Monday, May 18, 2009

The Cat Who Fell to Earth

Can't I just get through one of these off-rotations without experiencing some sort of major mental trauma?

My mom and her next door neighbor have gotten into the habit of feeding the local stray cats. In the Winter, there's a real humanitarian concern there - without someone providing food and shelter, there is a good chance that some or many of the cats would not make it through. But in the Spring and the Summer...well, it seems that there are plenty of mice and voles and baby bunnies and birds of all sorts to keep the cats well-fed. And if not, they can always move on and seek other territories.

The life expectancy of a feral cat is not long. Two, maybe three years, before disease, the elements, traffic, predators, and fights with other cats bring their lives to an end. The current bloodline actually started a few years ago with a mated pair that were probably brother and sister. After they had their first litter, my mom named them: Mommy and Butterfly.

Butterfly is gone. I haven't seen Dot and SpookyBear, the two black cats from that first litter, in a few months. (SpookyBear was always my favorite. He had no fear of humans. When other cats would scatter, he would hold his ground and wait for you to get within arm's reach, and then stroll off.) Squiggles is still around. Tortoise and the look-alike tabbies from last year's litter are still around. Socks, the oddball singleton who I suspect is the lone survivor of a litter sired by SpookyBear and Sugar, a neighbor's pet cat who often wanders into our yard, is still around.

Mommy had yet another litter about six weeks ago.

This is getting to be a problem. Even with attrition, the neighborhood is starting to look like an open-air version of a crazy old cat lady's house. Somebody is bound to complain to somebody - or worse, take action on their own.

I decided I needed to do a snatch-and-grab of at least some of the kittens. I could set them up at my house across town, maybe two or three of them, and reduce the neighborhood cat population. I had set my sights on two of the kittens: a blue-eyed black cat I named BlueBear, and a brownish tabby with diamondback markings on the tail that I planned to name Willow.

I had planned to do this grab on Friday morning, so we could have all four of my days off to figure out what to do with the kittens. Unfortunately I wound up having to work on Friday into Saturday, which threw my entire schedule off. Still, I got things nearly under control enough that I should have been able to grab some kittens this morning.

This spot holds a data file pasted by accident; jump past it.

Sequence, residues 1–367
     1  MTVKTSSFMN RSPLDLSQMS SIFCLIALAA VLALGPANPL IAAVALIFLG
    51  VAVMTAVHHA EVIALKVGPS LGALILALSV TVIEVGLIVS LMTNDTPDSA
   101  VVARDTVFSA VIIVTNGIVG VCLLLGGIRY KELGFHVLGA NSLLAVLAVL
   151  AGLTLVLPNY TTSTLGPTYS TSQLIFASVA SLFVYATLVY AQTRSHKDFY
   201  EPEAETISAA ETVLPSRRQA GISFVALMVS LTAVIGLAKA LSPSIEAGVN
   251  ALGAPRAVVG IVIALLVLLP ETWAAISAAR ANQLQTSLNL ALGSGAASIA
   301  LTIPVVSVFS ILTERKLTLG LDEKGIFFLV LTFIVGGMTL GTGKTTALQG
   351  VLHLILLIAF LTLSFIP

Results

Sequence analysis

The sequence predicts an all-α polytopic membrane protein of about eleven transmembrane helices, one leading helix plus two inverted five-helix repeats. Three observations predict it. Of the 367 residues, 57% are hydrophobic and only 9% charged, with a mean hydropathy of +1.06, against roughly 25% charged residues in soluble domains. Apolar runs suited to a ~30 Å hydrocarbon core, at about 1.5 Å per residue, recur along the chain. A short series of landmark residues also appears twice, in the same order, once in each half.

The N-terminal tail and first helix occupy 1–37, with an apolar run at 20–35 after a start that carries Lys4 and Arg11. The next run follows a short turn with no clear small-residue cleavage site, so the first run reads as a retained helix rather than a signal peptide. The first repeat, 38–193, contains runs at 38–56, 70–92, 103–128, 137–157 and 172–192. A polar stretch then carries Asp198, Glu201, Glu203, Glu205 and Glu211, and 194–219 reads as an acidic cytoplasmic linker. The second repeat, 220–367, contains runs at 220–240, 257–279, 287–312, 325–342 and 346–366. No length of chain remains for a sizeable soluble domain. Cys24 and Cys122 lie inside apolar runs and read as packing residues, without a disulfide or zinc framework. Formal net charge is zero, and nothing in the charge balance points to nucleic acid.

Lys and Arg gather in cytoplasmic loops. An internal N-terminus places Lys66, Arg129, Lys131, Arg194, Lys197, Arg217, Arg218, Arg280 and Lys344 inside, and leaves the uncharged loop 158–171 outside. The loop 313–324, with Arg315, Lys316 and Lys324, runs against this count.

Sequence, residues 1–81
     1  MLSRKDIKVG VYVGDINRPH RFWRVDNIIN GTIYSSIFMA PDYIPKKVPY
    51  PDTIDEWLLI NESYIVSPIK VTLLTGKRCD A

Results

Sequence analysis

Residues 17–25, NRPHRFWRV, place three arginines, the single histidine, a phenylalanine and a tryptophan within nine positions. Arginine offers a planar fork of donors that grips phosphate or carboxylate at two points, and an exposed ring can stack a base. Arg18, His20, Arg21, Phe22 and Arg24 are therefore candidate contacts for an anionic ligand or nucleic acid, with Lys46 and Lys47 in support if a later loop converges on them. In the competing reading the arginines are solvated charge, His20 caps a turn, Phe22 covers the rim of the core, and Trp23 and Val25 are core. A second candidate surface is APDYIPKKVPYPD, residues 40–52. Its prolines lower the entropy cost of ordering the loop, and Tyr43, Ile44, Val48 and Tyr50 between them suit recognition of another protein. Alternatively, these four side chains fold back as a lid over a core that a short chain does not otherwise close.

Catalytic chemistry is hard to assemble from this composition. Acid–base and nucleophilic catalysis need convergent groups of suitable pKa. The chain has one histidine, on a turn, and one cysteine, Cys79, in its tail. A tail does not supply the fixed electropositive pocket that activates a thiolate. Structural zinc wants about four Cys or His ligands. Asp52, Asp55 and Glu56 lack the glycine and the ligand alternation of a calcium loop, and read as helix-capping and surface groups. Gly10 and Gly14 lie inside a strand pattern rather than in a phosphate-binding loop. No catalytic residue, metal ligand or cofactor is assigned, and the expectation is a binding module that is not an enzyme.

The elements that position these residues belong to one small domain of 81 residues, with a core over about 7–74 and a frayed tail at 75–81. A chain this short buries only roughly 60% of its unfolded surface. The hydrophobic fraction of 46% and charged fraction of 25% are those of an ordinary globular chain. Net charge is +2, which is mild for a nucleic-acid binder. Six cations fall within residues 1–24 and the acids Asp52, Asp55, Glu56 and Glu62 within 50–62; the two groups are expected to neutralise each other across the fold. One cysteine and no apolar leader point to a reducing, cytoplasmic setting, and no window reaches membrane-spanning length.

Things didn't work out that way.

Last week a kitten managed to squeeze around our basement window fan through a hole in the window screen. It fell from the window and landed on some storm door screens that were being stored standing up next to an old unused stove. My mom heard the kitten crying and was able to retrieve it and return it to its mother, who growled anxiously.

This morning the same sorts of cries came from the cellar. As I rushed into the room to see what was the matter, I watched a kitten lose its grip on the basement windowsill and fall straight down. I tried to reach it, but it was wedged between the screens and the stove. I ran to get the most amazingly useful pieces of equipment we have - a toy robot grabber arm purchased at either the Kennedy Space Center or Cracker Barrel. (We've bought them from both.) When I got back the cat had moved to an even more inaccessible position, but with the robot arm I was able to quickly pick it up and get it to safety.

Now that we had it, what were we going to do with it?

I got out the large Sterlite container and cat bed I had purchased with this in mind and put the cat in there. I also went straight outside to see if either of the two pre-selected kittens were available, but there was only a Tabby kitten who ran away when I tried to get to it. So it looked like one was all we would have for now. I established that this is a girl cat (I think) and she is capable of lapping kitten milk out of a bowl. She also loves the sound of keyboard keys clicking, and wants to join in.

When I took her across town to my house and put her in my kitchen for safe keeping while I mowed the lawn, I also discovered that she is very good at hiding.

She was snug in her bed when I went out to mow, with a towel for a blanket and a pie pan full of pine litter as her bathroom. She had a bowl of kitten milk if she was hungry and a crackly catnip mouse if she wanted to play. I saw my neighbor outside when I mowed, and he was delighted to hear the story of how I had gotten a new kitten. I was about two -thirds done with the lawn when I decided to go and check on her.